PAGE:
With the original Sigma fp, we were seemingly getting everything we could possibly want, the best of all features from other camera makers. Shooting to an external SSD like a Blackmagic Pocket. A full-frame sensor like the Sony Alpha's and Panasonic S lineup. RAW straight to SSD, though initially only CinemaDNG, and then eventually both ProRes RAW and Blackmagic RAW to external recorders. A director's viewfinder mode that previews the framing size of various other manufacturers' sensors.

Despite all this, though, it wasn't the hit we thought it might be. It's popular, and everyone we know with one is happy with it, but it hasn't had nearly the impact of the Sony Alpha or Canon EOS R cameras. Maybe the lack of IBIS and a strong AF is truly holding it back. 

Sigma_fplCredit: Sigma

Sigma has just refreshed it with the new fp L. There are a whole host of upgrades that stand to make it even more appealing to filmmakers. It can work as a webcam over USB-C, and also can be charged over USB-C, so if you are setting up a long shoot you can use an external USB-C battery for long runtimes. They improved the autofocus system, which should keep it in competition with Canon and Sony. Still shooting is now up to 9.5K RAW, though video remains 4K. However, that 4K is coming from a much better sensor, which should look cleaner than the already impressive footage from the original fp.

The key here is that, to my mind, Sigma is doing all the things we want a camera manufacturer to do as a filmmaker.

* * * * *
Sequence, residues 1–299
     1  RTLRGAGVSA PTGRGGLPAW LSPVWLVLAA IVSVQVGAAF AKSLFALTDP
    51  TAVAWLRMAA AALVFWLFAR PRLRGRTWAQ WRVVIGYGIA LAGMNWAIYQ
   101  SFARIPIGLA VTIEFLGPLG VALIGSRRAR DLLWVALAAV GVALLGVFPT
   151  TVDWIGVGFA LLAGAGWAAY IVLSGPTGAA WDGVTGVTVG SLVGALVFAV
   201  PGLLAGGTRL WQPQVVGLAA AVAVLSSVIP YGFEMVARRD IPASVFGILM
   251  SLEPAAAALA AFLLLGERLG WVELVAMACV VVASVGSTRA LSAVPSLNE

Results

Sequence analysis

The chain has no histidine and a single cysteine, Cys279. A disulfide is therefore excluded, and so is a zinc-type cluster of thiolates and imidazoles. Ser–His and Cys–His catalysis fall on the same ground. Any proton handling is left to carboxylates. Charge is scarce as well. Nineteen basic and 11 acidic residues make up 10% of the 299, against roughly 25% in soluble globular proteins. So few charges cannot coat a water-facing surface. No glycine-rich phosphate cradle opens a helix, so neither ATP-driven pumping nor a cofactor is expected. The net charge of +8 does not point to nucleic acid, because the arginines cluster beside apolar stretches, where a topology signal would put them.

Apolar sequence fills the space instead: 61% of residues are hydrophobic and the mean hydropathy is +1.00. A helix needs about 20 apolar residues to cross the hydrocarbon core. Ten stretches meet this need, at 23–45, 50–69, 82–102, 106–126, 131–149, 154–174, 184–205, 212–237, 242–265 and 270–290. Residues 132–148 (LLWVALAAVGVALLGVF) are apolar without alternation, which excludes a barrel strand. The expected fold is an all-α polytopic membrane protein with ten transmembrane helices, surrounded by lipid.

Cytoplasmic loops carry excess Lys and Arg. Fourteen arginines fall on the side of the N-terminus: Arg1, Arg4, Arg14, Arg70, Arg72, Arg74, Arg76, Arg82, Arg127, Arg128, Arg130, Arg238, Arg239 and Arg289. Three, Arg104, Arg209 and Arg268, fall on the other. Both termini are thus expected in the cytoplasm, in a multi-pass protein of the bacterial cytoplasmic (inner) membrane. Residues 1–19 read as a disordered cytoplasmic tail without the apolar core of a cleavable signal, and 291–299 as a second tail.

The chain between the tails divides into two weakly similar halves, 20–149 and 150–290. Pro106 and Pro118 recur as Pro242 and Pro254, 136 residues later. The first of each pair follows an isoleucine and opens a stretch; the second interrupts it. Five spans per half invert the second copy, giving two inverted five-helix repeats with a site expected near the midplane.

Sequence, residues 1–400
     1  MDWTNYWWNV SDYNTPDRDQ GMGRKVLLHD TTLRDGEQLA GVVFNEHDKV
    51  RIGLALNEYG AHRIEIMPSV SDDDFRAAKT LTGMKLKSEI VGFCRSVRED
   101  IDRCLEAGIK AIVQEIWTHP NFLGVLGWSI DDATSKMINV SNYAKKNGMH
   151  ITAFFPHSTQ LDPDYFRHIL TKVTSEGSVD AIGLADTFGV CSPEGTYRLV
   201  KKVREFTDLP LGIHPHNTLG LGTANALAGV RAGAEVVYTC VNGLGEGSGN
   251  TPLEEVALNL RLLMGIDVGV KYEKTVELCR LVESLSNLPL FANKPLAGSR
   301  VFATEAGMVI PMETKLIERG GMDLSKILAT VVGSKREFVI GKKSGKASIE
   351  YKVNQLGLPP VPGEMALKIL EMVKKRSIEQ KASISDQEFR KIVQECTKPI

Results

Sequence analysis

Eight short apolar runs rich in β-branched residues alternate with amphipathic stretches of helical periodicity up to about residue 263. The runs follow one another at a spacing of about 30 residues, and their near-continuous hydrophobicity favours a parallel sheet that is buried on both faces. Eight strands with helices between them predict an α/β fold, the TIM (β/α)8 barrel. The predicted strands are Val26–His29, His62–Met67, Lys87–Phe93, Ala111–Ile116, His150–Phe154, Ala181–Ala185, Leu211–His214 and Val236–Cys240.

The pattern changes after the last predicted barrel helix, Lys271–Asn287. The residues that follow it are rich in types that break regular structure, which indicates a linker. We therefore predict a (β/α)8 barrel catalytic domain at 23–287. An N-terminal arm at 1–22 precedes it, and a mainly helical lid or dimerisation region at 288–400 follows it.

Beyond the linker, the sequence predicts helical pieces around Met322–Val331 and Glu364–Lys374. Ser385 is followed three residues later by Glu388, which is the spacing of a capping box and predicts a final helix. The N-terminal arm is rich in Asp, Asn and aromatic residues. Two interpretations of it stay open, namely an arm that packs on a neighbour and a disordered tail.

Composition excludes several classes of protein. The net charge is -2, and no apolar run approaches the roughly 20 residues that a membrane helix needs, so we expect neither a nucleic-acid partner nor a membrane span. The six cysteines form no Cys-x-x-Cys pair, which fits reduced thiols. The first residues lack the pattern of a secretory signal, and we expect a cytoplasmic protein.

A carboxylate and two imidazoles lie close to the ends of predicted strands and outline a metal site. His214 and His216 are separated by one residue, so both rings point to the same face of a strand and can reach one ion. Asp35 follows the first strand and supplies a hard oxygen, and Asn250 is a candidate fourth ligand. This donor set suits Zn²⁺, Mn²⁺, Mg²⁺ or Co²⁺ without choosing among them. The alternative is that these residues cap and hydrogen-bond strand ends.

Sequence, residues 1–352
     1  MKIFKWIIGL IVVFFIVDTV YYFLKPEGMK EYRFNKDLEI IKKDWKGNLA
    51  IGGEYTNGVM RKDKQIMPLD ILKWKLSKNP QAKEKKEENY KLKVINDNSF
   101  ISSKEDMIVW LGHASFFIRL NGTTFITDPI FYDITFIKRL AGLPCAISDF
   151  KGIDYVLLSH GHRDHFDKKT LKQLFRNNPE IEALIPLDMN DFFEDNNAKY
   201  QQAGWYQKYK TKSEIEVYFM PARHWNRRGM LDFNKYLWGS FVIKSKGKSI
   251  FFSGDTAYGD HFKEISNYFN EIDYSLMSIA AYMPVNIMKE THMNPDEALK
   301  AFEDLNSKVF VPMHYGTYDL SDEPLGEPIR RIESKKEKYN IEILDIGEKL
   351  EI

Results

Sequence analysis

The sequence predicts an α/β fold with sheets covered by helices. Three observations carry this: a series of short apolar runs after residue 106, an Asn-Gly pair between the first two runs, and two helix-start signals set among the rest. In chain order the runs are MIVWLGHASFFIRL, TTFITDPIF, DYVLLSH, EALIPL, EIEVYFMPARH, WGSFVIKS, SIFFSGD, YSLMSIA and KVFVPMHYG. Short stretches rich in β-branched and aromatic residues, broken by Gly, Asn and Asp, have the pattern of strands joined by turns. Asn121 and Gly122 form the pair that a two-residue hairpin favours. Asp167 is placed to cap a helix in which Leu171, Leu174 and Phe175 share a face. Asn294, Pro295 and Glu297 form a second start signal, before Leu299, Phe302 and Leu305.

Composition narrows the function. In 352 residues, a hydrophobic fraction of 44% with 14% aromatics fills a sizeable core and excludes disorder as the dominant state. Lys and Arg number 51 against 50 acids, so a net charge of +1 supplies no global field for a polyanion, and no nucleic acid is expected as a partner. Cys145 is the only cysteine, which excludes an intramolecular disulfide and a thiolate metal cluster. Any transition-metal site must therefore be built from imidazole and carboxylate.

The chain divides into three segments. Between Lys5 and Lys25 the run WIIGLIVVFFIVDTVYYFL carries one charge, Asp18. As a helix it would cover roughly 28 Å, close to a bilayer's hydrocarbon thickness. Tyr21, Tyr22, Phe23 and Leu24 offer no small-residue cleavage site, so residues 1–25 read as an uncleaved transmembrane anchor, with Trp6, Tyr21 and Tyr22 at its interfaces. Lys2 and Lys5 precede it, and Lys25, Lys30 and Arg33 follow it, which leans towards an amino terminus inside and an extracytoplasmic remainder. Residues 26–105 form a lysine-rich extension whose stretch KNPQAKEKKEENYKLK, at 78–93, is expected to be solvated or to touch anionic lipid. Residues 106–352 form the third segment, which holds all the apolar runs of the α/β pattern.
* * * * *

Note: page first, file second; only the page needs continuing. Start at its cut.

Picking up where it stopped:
First and foremost, they are joined together with Panasonic and Leica in pushing the open "L-mount," and they are encouraging others to do the same. While Sony can be forgiven for going for the E-mount since they were so far ahead of everyone else, for newer full-frame cameras, as a filmmaker I always support open standards, and the L-mount is the "open" standard.

Pphoto_fplevf-11_a_smCredit: Sigma

Don't forget, back when we shot film, for the most part, it was either PL or occasionally PV mount for lenses. Arriflex, Aaton, and Moviecam all supported PL mount as a standard, so you could get lenses from Zeiss and Cooke and others and mount them to those cameras. If you wanted to shoot PV mount lenses on a non-Panavision body, Panny would Panavize the camera for you. You couldn't shoot PL lenses on PV bodies, but—well, while we love Panavision glass, there were rarely features that made PV bodies more attractive than their competitors from ARRI and Aaton. There is a reason that Panavision was always ARRI's biggest competitor and biggest client.

Open-format lens mounts are good for filmmakers, but less so for manufacturers. As a filmmaker, you can invest in a really good set of lenses and know that, even as camera tech evolves, you can keep evolving your camera body without upgrading all of your lenses. The dream of L-mount is something like that for full-frame mirrorless.

Fall in love with the Sigma fp L and buy a bunch of lenses. A few years later a new Panasonic S series comes out with a feature you want; you only need a new body, not new glass. This is one of the main reasons I'm really deferential toward cameras that support L-mount, and I hope that Blackmagic will support L-mount in a future release. It's also super easy to adapt to older EF and PL lenses.